The first time Kaidan all but hauled me into the swirl of color by my hand like a balky pet. “Can’t we just stand here?” I whined in a last-ditch effort to avert my fate. “I can see fine.” He firmly refused and before I knew it I was tottering in his arms, Sha’ira forgotten in my self-conscious awkwardness.
“Relax,” Kaidan said. “Stay on your toes and just move where I take you.” The man positively glided, damn him. I’d admiringly watched him move in dozens of battles and I’d danced with him a hundred times, both with and without Garrus. But I hadn’t known he could be so smooth.
“Put your hand on my shoulder,” he said, “and when I say ‘now’ run a finger around my ear while you press that little button on my mask.” The romantic feeling shattered when reality ran smack into it. I did as he asked, presuming we were sending more information to whoever waited.
Once that was done we sank back into comfortable silence. With anyone else I would have fought for control. With Kaidan I just closed my eyes and let him and the music do what they would.
“I got your present,” he whispered into my ear some unknowable time later, an interlude I’d spent breathing in that familiar scent, reveling in the feel of his muscles under my hands and his hands on my body. His warming breath recalled me reluctantly to our situation. “Come on up and see it sometime?”
I chuckled. “I thought you’d never ask.” I wondered what he'd done with the tiny Shepard and Kaidan in the box and hoped it was something deliciously naughty. Then I remembered that he was making me dance in public and restored what scowl I could manage while wrapped in his arms. The result felt less furious and more content than I'd intended but it would have to do.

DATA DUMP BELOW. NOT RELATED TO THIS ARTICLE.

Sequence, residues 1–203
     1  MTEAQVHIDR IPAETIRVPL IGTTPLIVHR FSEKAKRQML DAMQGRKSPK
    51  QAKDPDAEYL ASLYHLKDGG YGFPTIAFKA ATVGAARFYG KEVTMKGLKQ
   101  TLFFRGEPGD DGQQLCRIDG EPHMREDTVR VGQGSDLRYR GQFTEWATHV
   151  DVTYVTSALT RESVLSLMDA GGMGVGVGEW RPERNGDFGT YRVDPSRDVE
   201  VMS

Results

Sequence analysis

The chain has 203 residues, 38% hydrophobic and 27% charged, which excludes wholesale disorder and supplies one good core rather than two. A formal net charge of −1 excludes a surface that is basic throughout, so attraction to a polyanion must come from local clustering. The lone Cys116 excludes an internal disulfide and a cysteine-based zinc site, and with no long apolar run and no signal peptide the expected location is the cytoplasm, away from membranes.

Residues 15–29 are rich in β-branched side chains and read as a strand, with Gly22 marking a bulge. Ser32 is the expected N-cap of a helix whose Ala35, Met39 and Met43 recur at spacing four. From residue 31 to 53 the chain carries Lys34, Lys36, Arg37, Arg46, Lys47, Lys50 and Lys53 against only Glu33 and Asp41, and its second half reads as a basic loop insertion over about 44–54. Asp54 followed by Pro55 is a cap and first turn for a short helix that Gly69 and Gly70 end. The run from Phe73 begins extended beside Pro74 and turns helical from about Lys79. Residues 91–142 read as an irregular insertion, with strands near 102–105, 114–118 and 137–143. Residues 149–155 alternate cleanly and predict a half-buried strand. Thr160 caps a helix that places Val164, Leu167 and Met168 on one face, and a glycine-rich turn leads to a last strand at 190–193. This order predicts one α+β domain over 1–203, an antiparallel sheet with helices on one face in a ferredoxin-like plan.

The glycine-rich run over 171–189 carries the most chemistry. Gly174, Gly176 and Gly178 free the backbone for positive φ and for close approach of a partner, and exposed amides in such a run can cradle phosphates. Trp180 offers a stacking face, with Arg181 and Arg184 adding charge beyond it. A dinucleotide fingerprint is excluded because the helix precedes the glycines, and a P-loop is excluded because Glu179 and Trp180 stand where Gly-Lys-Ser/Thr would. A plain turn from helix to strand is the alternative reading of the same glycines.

We swayed and wandered for the rest of the night, my feet increasingly complaining about the unnatural position into which they were forced. When we actually danced I forgot my discomfort in following Kaidan’s lead through steps I’d never have been able to perform without him. But I could still see the disdainful looks of the elegant ladies that had probably never shot a mech in the head at fifty-three meters or crawled through eight inches of slime to set explosives on some shithole of a planet with mercs trying to shoot them in the ass every time they bent over.
Sha’ira met dozens of people of several different species and Kaidan positioned us to catch a glimpse of them all. It was a whirlwind of color, feathers, and body paint between the formal black of the men. I’d been to military dress balls, emphasis on the military and very little on the ball, but this was something else entirely. This was a social shark tank, judgments made based on criteria about which I could not care less.
Yet the anonymity of the mask freed me. By the end of the night I’d decided that everyone could think what they liked. They’d never know this galumphing clod was Shepard, savior of the galaxy, returned from death to finish the job.